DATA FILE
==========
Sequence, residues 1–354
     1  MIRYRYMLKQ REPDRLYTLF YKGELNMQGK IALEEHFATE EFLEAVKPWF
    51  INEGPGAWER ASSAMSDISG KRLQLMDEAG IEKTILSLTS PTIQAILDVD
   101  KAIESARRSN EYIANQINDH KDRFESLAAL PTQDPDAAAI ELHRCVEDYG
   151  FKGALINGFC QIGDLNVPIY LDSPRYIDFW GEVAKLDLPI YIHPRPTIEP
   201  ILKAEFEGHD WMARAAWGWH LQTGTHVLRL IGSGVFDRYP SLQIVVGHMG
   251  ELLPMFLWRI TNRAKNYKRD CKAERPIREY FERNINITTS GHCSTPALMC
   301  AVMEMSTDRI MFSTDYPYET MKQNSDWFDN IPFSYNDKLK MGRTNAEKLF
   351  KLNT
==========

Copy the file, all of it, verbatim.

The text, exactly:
Sequence, residues 1–354
     1  MIRYRYMLKQ REPDRLYTLF YKGELNMQGK IALEEHFATE EFLEAVKPWF
    51  INEGPGAWER ASSAMSDISG KRLQLMDEAG IEKTILSLTS PTIQAILDVD
   101  KAIESARRSN EYIANQINDH KDRFESLAAL PTQDPDAAAI ELHRCVEDYG
   151  FKGALINGFC QIGDLNVPIY LDSPRYIDFW GEVAKLDLPI YIHPRPTIEP
   201  ILKAEFEGHD WMARAAWGWH LQTGTHVLRL IGSGVFDRYP SLQIVVGHMG
   251  ELLPMFLWRI TNRAKNYKRD CKAERPIREY FERNINITTS GHCSTPALMC
   301  AVMEMSTDRI MFSTDYPYET MKQNSDWFDN IPFSYNDKLK MGRTNAEKLF
   351  KLNT